IN RE KRAMEK ESTATEAnnotate this Case
STATE OF MICHIGAN
COURT OF APPEALS
In re Estate of LORETTA PAT KRAMEK,
November 3, 2005
Macomb County Probate Court
LC No. 03-176503-DE
In re Estate of LORETTA PAT KRAMEK,
Macomb County Probate Court
LC No. 03-176503-DE
Official Reported Version
Before: Fitzgerald, P.J., and Cooper and Kelly, JJ.
In these consolidated appeals, respondent David Kramek (Kramek) appeals two orders
issued by the trial court in connection with the estate of his deceased mother, Loretta Pat
Kramek. In Docket No. 254375, he appeals the trial court's order approving an estate settlement
agreement between decedent's children: Kramek, June Katzen, and Lorraine Brown. In Docket
No. 253895, Kramek appeals the trial court's order removing him as personal representative of
the estate. We affirm the order approving the estate settlement agreement, reverse the order
removing Kramek as personal representative, and remand for proceedings consistent with this
Decedent's will provided:
I direct that all real property that I own at the time of my death, in Otsego
County, be placed in trust for the use of my children, DAVID KRAMEK and
LORRAINE BROWN and their families and anyone they would wish to enjoy it.
At the time of the death of the survivor of DAVID KRAMEK AND LORRAINE
BROWN, the real property in Otsego County would then go to the surviving
child/children of DAVID KRAMEK and LORRAINE BROWN, fifty percent
(50%) to go to DAVID'S child/children and fifty percent (50%) to go to
The residue of the estate was divided equally between Kramek and Brown. The will further
provided that, if either Kramek or Brown predeceased decedent, that individual's share would go
to his or her children, to be held in trust and distributed to each child, 50 percent at age 30 and 50
percent at age 35. Decedent named Kramek as trustee of this trust. The will also nominated
Kramek as personal representative. Decedent bequeathed to Katzen $5.
Decedent died on April 7, 2003. On April 14, 2003, Kramek filed an application for
informal probate. On April 15, 2003, Kramek, Brown, and Katzen entered into an estate
On October 2, 2003, Katzen filed a petition for approval and construction of the estate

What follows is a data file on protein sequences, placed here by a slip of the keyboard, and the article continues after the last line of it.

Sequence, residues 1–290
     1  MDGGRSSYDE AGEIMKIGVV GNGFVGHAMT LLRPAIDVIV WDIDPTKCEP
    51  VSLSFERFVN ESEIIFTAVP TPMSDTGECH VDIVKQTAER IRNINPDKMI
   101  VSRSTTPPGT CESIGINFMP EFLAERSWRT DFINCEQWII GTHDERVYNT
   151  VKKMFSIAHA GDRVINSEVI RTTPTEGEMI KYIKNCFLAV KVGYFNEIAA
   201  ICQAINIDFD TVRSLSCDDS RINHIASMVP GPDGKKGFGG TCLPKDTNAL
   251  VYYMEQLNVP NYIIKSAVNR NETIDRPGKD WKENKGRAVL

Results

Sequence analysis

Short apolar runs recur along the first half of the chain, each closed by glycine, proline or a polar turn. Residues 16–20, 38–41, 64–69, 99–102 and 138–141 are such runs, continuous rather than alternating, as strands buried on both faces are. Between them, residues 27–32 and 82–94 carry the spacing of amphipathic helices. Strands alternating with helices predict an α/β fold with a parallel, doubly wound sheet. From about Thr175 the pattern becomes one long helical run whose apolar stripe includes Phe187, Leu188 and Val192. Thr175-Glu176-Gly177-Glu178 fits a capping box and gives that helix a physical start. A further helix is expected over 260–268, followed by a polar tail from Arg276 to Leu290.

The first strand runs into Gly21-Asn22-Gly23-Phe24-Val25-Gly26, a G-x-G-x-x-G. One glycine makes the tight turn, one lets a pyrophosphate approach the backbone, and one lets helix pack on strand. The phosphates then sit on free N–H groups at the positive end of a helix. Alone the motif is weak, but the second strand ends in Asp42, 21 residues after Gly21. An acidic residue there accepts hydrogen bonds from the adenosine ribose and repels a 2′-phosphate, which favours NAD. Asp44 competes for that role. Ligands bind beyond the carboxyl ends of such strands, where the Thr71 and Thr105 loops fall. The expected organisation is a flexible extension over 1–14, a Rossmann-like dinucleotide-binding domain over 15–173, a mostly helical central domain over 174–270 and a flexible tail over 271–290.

settlement agreement. Katzen also requested that a guardian ad litem (GAL) be appointed to
ensure the protection of decedent's grandchildren.
In response, Kramek asserted that the estate settlement agreement did not include the real
estate in Otsego County (the Otsego property). He also requested that the GAL be discharged
because the grandchildren were represented by another attorney, John Mabley, who also
Brown asserted in response that the agreement "contemplates" that the trust for the
Otsego property not be created, but that the property instead be divided among Katzen, Kramek,
and Brown equally. Brown asserted that the agreement, "if given effect by this court," would
extinguish the rights of decedent's grandchildren. She asserted that the grandchildren were not
represented when the agreement was negotiated and executed. On this basis, Brown requested
that the court determine that the provisions of the agreement that affect the Otsego property be
held unenforceable. But she requested that the remainder of the agreement be approved.
The trial court permitted the GAL to continue representing decedent's grandchildren.
After a hearing, the trial court entered an order approving the agreement with the Otsego
property included and holding the provision concerning it enforceable. The trial court also
entered an order removing Kramek as personal representative.
Kramek first contends that the trial court either failed to apply or misapplied MCL
700.3914. We disagree. The proper application of a statute presents a question of law that we
consider de novo. Eggleston v Bio-Medical Applications of Detroit, Inc, 468 Mich 29, 32; 658
NW2d 139 (2003).
Preliminarily, we resolve whether MCL 700.3914 or MCL 700.7207 applies to this case.
MCL 700.3914 provides:
(1) Subject to the rights of creditors and taxing authorities, competent
successors may agree among themselves to alter the interests, shares, or amounts
to which they are entitled under the will of the decedent, or under the laws of
intestacy, in any way that they provide in a written agreement executed by all who
are affected by its provisions. If there is, or may be, an interested person to the
agreement who is a minor or incapacitated individual or if there is an inalienable
estate or future contingent interest, after notice to the representative of the